# Algorithm that enlarges the image to a resolution of $2N \times 2N$ using DFT operations

I'm trying to solve the following question:

Given an image at a resolution of $$N \times N$$. Describe an algorithm that enlarges the image to a resolution of $$2N \times 2N$$ using DFT operations.

As I understand, we need to use the DFT, split it into four sections and add zero padding and then perform IDFT (it was mentioned by my lecturer). But I'm not sure if it's correct or why it's correct. Is it possible to explain the full algorithm (step-by-step) that is required here?

• May be of interest: Interpolation through fourier space padding Feb 9, 2022 at 0:54
• What you need is the 2D version of my answer at dsp.stackexchange.com/questions/79356. I will try working on this.
– Royi
Feb 10, 2022 at 16:12
• @Royi agree, that would be a good answer, just applied to both dimensions Feb 11, 2022 at 11:07
• @GrapefruitIsAwesome, It is a bit trickier than this but that's the general idea.
– Royi
Feb 11, 2022 at 11:34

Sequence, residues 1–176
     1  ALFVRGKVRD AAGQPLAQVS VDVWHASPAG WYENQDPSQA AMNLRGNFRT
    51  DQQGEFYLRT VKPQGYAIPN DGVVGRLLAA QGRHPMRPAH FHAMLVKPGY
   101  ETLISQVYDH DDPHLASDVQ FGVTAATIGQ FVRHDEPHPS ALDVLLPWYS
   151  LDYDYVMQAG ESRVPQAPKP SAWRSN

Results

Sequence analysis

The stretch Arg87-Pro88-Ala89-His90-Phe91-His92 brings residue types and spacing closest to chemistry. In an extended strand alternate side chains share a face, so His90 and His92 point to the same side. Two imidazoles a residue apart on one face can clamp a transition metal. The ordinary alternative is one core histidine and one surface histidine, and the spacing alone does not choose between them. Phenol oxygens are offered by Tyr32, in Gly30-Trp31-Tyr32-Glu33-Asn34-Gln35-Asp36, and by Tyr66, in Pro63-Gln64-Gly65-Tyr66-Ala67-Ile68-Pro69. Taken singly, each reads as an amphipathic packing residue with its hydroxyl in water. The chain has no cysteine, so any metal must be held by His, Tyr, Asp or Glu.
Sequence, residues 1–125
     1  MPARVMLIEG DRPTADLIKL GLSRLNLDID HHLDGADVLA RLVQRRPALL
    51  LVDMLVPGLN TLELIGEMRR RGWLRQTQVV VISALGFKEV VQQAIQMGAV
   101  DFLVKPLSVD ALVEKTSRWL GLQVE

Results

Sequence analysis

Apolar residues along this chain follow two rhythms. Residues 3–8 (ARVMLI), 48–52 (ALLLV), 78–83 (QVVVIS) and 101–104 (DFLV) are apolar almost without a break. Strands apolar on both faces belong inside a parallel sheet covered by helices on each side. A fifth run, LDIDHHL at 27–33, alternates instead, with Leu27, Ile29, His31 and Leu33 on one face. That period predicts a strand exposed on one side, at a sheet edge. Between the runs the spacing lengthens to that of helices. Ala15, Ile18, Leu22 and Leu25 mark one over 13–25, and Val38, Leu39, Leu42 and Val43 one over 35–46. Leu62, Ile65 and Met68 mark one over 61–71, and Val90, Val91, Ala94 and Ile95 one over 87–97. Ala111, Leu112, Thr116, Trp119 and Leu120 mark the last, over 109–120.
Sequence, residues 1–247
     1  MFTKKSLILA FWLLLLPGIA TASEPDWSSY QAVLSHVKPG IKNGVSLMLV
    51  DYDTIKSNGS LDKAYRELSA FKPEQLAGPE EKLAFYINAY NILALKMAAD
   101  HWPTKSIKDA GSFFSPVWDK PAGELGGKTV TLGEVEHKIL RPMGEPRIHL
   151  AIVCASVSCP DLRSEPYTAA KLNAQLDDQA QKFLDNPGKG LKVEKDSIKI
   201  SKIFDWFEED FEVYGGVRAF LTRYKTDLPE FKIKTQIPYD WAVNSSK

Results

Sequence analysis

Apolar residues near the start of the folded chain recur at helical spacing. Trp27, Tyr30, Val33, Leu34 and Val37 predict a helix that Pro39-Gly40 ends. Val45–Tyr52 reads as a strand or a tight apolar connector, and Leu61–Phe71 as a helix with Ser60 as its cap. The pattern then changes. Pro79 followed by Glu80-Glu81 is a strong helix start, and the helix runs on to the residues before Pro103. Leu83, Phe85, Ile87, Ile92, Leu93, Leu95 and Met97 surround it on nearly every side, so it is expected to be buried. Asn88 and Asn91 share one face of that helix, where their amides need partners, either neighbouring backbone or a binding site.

I am copying my answer from Applying 2D Sinc Interpolation in the Fourier Domain (DFT / FFT).

Given a Matrix $$A \in \mathbb{R}^{m \times n}$$ in order to interpolate it into a grid of size $$k \times l$$ where $$k \geq m$$ and $$l \geq n$$ one could use the "Separability" property of the DFT and apply it once over the rows and once over the columns.

Things might be trickier for the case of upsampling on one dimension and downsampling on the other. In higher dimensions it even get trickier.

One of the approaches to implement this would be applying DFT along a single dimension and then apply the same interpolation as in the link per slice (Which has N-1 dimensions).

In the case of 2D it is quite simple as each slice is basically a 1D signal which can be done easily as in the link.

I implemented [ mY ] = DFTUpSample2D( mX, vSizeO ) with the following test:

clear();
close('all');

numRowsI = 5000;
numColsI = 5200;

numRowsO = 10000;
numColsO = 10400;

mY = DFTUpSample2D(mX, [numRowsO, numColsO]);

figure();
imshow(mX, []);
figure();
imshow(mY, []);
figure();
imshow(mYRef, []);

max(abs(mYRef - mY), [], 'all')

function [ mX ] = GenTest( vSize, sincRadius )

vX(end) = [];

The result is 7.2676e-05 which means the interpolation is valid.
The code is available at my StackExchange Codes Signal Processing Q81493 GitHub Repository (Look at the SignalProcessing\Q81493 folder).